What’s your data worth – to someone else?

What do PwC, Latitude Financial, PayPal, Medicare and Optus all have in common?
These are names we all know aren’t they, but do they sound familiar to you for any other reason?
Of course they do, they’re major (mostly Australian) companies, and they’ve all been hacked in the last 12 months, so if the names don’t ring bells with agency owners – and by that I mean major alarm bells – they should be.
Each one of the companies I’ve named above is the custodian of vast amounts of customer data, and each one has been hacked in the last 12 months – as have a number of legal firms, strata management companies and more alarmingly for our profession, so have a number of estate agencies and Property Management firms.
The email they received then demanded a ransom to protect the data stolen and return the security of that data to its rightful owners.
There are plenty of ways these breaches could have happened, and it might not even have been a traditional hack.
These cybercriminals are experts at exploiting weak security measures, taking what they want, and covering their tracks, even the password management firm LastPass has had their security breached and data stolen.
In 2018, the average loss to each Australian small business which was hacked was somewhere in the region of $60,000, and it would be greatly more for the larger ones – that’s a big number isn’t it; but imagine a hacker gained access to your trust account and rather than emptying it immediately, progressively drained it – how much did you say was sitting in there at the moment? Yep, it’s probably a bit more than $60k isn’t it.
Just 3 years later, in 2021, the ACCC put the loss to Australian business from data breaches and hacks at $227,000,000.
So how does this affect us? You might not know the name “Kerasid” so let me introduce you; he was the guy behind the REvil hacker group, and he believes that “Australians are the most stupidest humans alive, and they have a lot of money for no reason, a lot of money and no sense at all.”
As agents and property managers, we are prime targets. We hold a treasure trove of valuable records for our clients, including their personal identification, bank account details, financial records and more. We also handle large sums of money in our trust accounts.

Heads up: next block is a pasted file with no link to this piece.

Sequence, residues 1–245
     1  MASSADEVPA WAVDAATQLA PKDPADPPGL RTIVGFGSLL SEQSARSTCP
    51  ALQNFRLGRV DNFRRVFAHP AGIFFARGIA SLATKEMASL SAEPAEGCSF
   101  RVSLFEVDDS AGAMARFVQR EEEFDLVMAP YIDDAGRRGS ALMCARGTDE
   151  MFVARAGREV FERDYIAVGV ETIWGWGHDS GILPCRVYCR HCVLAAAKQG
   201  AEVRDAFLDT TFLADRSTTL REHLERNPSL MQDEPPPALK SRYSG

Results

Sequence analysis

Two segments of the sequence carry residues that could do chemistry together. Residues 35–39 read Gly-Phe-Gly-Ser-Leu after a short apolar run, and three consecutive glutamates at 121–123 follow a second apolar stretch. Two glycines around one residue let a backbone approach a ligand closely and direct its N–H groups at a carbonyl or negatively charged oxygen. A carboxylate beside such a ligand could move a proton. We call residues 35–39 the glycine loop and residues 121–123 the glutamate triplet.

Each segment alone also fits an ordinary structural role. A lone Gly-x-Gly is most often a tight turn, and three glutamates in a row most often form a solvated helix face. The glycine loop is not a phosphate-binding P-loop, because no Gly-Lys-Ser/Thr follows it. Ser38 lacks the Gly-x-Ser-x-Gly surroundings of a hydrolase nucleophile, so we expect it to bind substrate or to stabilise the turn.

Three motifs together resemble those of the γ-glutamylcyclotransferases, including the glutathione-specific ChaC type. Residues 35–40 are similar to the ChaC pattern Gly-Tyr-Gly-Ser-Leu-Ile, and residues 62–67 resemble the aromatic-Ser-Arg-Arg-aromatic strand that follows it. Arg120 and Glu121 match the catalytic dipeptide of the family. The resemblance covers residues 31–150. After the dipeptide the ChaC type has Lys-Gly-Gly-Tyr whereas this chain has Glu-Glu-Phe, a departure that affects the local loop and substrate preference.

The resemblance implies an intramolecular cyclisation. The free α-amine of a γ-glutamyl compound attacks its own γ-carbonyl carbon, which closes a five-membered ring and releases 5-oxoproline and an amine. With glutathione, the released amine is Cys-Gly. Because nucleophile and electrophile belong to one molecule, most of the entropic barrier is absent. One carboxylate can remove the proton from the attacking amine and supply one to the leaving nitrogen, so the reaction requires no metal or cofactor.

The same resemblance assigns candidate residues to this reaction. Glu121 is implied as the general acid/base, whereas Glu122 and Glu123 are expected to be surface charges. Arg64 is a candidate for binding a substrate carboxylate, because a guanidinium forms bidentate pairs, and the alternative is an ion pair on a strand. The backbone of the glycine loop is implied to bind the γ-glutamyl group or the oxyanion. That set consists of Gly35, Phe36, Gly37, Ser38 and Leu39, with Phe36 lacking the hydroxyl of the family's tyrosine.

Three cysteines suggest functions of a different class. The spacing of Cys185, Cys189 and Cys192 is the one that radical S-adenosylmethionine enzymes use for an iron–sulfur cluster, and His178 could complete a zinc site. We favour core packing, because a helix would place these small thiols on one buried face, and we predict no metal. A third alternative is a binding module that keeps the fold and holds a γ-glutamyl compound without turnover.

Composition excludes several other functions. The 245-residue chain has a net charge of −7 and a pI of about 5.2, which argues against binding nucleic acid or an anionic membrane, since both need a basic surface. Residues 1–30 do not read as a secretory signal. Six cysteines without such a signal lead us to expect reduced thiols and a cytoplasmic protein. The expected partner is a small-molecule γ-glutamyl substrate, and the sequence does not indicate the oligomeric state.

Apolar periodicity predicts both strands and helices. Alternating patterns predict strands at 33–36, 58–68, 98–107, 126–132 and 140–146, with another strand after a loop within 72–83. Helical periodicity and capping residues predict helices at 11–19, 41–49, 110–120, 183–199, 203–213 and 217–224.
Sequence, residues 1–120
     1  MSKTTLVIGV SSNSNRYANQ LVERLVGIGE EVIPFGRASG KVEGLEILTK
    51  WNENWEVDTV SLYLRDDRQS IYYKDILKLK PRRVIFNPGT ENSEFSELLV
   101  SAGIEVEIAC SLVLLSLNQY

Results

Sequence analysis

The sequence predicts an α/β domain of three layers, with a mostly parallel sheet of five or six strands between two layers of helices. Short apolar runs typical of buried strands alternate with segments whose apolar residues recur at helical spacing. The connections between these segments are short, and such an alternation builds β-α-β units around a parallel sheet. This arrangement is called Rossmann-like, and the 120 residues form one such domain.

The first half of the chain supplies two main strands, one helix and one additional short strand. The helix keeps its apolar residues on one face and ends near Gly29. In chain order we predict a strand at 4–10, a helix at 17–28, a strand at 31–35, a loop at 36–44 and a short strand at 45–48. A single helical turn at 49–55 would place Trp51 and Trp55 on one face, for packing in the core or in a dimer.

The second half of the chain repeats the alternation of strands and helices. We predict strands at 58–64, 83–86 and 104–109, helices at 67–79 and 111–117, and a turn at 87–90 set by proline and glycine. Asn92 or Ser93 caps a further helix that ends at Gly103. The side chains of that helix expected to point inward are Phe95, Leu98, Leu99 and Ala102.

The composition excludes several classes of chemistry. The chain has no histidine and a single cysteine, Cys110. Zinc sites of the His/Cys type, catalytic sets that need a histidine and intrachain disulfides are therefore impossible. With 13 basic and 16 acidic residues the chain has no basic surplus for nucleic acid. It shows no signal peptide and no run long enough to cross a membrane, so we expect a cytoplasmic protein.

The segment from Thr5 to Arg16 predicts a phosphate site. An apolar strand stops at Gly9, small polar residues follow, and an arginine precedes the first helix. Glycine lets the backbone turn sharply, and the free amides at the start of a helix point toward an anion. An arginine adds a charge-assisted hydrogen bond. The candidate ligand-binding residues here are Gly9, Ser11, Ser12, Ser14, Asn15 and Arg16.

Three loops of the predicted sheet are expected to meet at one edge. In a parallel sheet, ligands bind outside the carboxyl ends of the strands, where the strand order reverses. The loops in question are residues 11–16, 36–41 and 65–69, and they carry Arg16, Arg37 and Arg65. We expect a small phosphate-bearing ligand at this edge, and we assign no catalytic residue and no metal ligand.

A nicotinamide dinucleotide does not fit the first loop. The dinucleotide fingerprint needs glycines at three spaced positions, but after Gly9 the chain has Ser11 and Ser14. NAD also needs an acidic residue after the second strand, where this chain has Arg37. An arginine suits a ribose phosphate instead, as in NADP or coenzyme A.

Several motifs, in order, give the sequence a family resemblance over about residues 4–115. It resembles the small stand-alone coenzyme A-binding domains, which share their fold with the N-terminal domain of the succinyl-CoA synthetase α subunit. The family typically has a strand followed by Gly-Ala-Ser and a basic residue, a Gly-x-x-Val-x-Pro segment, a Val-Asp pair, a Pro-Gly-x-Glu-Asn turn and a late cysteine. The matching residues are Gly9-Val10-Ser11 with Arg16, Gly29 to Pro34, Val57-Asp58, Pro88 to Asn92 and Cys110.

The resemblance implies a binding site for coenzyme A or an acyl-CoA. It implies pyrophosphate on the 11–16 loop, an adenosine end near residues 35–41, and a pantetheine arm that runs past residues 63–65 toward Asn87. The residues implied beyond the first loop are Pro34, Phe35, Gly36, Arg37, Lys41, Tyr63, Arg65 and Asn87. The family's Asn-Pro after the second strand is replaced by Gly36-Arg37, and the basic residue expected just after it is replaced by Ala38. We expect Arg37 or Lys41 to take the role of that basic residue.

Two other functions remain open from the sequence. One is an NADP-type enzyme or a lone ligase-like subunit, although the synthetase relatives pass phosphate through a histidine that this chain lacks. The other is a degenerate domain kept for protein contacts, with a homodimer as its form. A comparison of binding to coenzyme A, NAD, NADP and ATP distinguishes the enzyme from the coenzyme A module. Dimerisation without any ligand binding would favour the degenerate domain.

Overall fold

And then last week the notorious cybercrime group “BlackcatV” was the instigator of an attack on another eastern suburbs Melbourne agency along with a property law firm, a strata management company and a pathology firm, and these are just the ones we’re hearing about, there will be plenty of others I’m guessing, that are not reported; so it’s now really a matter of “when”, not “if” for more of us.
These organisations don’t always act immediately either, in a high number of cases they’ll bide their time and “squat” inside your systems for up to 6 months, just watching and learning the patterns and accumulating as much information as they can before they make their move so we need to be incredibly vigilant and continue to upgrade our own defences.
With a number of agencies I’ve visited in my consulting business not having adequate protection, it’s becoming really, patently clear that we’re not just dropping the ball when it comes to protecting our data and that of our clients, we’re actually kicking own goals and almost facilitating its potential release.
Here’s one example – we accept an email instruction or request to make a change to landlord banking details.
Do we call to double check its authenticity?
That’s a recipe for disaster and if our processes are not well-documented, followed diligently, and regularly tested, we’re at even greater risk.
Real estate insurance companies are talking about the rising number of claims related to cybercrimes, and we need to make sure that we have best practice in place – immediately – or face the possibility that any claim we make could be denied and we have to foot the bill ourselves.
Still not scared?
Or are you still thinking “it won’t happen to me”… ?  
Well consider this: we also hold our staff’s personal information, bank account details, superannuation information and tax records, imagine how it’d feel if that information was exposed, and their financial future (and yours) was affected.
Then there’s reputational damage to consider, none of us wants to be “that guy” the agency who’s client files were breached, and having to then go to each of our clients and tell them that their financial situation might be about to be impacted, or worse still, try to minimise the fallout the way that a couple of the large companies have done – the loss of business in an agency setting would probably be close to terminal should we try to cover it up and pretend it wasn’t really that bad for anyone.
It’s time to ask ourselves what we’re doing to protect the people we rely on.
Here are some basic rules I’d recommend that we all follow:
  • Never share logins or passwords – This is one instance where sharing is definitely NOT caring – it puts more people at risk.
  • Use two-factor authentication (2FA) – Make sure you and your teams use 2FA on every platform. It adds an extra layer of security.
  • Use a password manager. eg; NordPass, Dashlane etc, there are plenty of them
  • Train your people well – Educate your teams, train them so that they can spot suspicious emails, and phishing attempts.
  • Make sure you have cyber cover on your insurance.
Remember, you’re only as strong as your weakest point.